With National Australia Bank (NAB) now in the box seat to acquire the assets of AXA Asia Pacific, ANZ is keeping tight-lipped on whether it will make a tilt for a wealth management business.
Chief executive Mike Smith says ANZ's priority is to bed down its A$1.76 billion ($2.19 billion) acquisition of 51 per cent in ING Australia.
His comments were made in response to a question about how ANZ would respond to NAB's A$13.29 billion proposed acquisition of AXA Asia Pacific Holdings.
"Quite clearly we have a strategy to grow our wealth management but we have to bed down our ING acquisition first, Smith said after ANZ's annual meeting on Friday.
Market speculation has focused on which major wealth manager would be the next takeover target since NAB trumped AMP's revised bid of A$12.85 billion for AXA Asia Pacific.
"I'm not going to comment about AMP," Smith said. "All I'm telling you is that wealth management is an important part of our business."
The merger of AMP and AXA would have seen a major shakeup of the New Zealand wealth management sector.
Including wholesale and institutional funds under management, AMP's New Zealand investment operation has around $11 billion under management while AXA NZ has about $7 billion under management. A combination of the two would easily outstrip the NZ Superannuation or "Cullen" fund, which has about $13.3 billion under management.
However if BNZ takes over management of AXA's business there would be less upheaval. BNZ sold out of the wealth management business in 2005.
While the NAB is heavily favoured to take out the deal some are picking AMP will counter with another bid.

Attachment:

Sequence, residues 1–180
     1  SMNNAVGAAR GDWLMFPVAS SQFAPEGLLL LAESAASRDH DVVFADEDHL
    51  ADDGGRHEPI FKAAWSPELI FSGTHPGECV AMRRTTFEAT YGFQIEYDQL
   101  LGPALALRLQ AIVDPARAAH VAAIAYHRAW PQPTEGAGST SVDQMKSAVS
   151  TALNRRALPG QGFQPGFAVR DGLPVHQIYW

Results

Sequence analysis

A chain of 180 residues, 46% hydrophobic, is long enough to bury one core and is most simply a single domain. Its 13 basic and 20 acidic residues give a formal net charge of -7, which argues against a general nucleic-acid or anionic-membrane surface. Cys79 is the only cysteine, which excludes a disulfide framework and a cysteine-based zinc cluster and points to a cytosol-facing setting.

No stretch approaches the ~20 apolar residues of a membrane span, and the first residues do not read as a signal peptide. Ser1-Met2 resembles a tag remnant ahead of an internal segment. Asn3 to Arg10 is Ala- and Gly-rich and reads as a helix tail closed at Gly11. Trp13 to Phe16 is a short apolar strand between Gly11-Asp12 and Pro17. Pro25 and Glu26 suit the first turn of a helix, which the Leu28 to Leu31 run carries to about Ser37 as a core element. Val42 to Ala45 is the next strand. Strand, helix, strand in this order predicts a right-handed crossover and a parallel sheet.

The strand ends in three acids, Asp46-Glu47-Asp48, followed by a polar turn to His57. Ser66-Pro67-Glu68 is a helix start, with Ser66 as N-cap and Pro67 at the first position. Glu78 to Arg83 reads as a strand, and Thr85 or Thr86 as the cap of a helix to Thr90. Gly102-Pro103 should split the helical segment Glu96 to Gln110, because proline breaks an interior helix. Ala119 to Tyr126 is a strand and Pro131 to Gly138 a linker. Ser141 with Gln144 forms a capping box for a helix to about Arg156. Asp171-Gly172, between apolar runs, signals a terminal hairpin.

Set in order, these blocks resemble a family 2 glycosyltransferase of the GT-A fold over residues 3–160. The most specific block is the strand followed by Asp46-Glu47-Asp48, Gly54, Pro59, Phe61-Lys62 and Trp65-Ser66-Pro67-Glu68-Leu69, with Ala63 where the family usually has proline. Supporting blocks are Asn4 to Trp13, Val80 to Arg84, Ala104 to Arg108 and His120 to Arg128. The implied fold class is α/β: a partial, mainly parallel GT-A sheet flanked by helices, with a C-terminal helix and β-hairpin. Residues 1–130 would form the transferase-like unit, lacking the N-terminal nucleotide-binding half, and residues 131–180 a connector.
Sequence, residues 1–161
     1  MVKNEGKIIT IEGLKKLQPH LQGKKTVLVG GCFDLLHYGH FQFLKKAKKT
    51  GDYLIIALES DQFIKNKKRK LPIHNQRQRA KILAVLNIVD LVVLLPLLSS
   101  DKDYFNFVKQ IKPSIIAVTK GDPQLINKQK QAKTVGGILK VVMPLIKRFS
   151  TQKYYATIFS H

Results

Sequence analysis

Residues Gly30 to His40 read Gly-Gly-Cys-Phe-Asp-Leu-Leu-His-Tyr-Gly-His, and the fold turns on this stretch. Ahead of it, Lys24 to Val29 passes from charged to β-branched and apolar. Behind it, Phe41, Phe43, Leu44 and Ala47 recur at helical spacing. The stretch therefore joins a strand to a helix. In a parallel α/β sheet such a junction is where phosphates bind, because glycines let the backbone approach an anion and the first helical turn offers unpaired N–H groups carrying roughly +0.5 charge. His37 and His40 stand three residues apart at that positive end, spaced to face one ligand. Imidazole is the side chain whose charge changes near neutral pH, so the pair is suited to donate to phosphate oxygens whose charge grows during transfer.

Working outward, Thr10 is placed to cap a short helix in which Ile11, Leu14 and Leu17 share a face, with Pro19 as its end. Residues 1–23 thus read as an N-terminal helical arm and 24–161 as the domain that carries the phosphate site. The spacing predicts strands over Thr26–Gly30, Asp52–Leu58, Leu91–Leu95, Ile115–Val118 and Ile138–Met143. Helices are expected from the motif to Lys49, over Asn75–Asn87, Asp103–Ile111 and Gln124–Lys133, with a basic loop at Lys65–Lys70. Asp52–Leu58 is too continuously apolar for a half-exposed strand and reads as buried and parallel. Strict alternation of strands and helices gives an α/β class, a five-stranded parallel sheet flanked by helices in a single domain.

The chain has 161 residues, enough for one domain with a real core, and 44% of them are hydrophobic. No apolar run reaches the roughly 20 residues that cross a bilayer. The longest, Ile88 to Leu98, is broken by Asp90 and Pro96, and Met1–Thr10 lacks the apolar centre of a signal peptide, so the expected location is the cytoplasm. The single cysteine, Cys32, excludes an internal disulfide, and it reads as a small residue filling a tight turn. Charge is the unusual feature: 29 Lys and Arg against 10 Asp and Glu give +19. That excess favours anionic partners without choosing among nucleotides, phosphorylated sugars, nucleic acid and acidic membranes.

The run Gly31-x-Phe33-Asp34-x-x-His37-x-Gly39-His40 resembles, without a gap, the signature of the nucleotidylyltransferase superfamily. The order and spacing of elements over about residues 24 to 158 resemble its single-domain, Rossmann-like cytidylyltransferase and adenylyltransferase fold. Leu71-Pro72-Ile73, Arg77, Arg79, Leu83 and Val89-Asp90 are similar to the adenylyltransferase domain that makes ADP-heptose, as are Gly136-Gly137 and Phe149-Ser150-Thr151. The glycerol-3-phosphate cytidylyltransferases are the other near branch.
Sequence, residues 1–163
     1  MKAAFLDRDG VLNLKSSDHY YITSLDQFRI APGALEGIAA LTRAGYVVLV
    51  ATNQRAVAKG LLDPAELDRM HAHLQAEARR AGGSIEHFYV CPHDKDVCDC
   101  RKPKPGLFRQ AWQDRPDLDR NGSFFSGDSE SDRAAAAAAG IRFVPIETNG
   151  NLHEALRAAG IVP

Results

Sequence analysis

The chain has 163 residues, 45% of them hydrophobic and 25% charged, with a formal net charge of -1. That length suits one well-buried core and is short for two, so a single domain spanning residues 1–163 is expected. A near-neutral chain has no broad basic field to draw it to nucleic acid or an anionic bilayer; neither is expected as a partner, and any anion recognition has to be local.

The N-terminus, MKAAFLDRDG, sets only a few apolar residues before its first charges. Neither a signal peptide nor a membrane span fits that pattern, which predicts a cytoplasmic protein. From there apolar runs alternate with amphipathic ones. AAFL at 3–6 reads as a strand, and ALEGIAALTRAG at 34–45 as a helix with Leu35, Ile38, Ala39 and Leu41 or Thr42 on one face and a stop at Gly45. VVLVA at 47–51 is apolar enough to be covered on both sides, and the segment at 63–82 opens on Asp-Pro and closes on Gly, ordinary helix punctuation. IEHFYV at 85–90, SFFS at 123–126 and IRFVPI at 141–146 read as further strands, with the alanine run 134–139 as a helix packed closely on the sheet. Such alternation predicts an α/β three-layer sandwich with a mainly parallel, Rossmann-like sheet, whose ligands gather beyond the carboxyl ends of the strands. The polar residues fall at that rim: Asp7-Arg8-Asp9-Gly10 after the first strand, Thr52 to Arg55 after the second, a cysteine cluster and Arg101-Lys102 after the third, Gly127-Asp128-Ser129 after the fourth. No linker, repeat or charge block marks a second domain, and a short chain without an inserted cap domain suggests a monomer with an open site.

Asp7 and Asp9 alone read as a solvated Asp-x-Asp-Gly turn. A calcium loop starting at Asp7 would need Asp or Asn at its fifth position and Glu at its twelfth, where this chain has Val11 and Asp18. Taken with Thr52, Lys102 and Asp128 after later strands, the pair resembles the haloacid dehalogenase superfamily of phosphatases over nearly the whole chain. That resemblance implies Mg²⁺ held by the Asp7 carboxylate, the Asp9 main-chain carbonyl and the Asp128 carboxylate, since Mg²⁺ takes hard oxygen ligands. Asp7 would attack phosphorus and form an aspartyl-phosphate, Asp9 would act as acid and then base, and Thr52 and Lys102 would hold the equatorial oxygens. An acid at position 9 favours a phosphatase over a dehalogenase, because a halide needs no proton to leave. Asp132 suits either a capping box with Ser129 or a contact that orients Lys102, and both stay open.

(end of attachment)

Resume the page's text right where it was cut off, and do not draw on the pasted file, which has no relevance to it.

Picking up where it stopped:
Local brokerage Craigs Investment Partners has raised its price target for AXA Asia believing AMP will counter with a higher offer now that NAB had shown its hand. Craigs calculated that AMP could pay up to A$6.60 a share and still make the transaction earnings per share neutral in 2011.
ANZ is the most likely buyer of AMP because it has the strongest capital among Australia's biggest lenders, meaning it would have to raise the least money to finance an offer, said Brett Le Mesurier, head analyst at Axiome Equities.
It also has the weakest wealth-management business, he said.
"Buying ING indicated that there's more to come," said Le Mesurier. "The only question is: what is the next step?"
Commonwealth Bank of Australia - parent company of ASB in New Zealand - may also be a contender for AMP, according to Le Mesurier.
"They don't look like they're interested in playing this game, but I wouldn't go so far as to rule them out."
Steve Batten, a spokesman for Commonwealth Bank, declined to comment. Commonwealth Bank owns Colonial First State wealth management, Australia's largest asset manager.
Westpac, Australia's second-largest bank, was focused on running its retail division and integrating St George Bank, which it bought in 2008, Le Mesurier said. There are no obvious overseas bidders for AMP, says the analyst. Jane Counsel, a spokeswoman for Westpac, declined to comment.
AMP isn't the only potential target.
Investment manager Challenger Financial Services Group, and Perpetual, the Australian fund manager that has posted two years of falling profit, may also be approached, the Australian Financial Review has reported.
WEALTH MANAGEMENT SHAKE-UP
* An initial bid by AMP for AXA Asia Pacific would have created New Zealand's largest fund management company.
* AMP has been trumped by National Australia Bank, the parent company of the BNZ. NAB's bid is worth $16.6 billion.
* The market is now speculating about the prospects the other three big retail banks may make takeover plays for wealth management companies.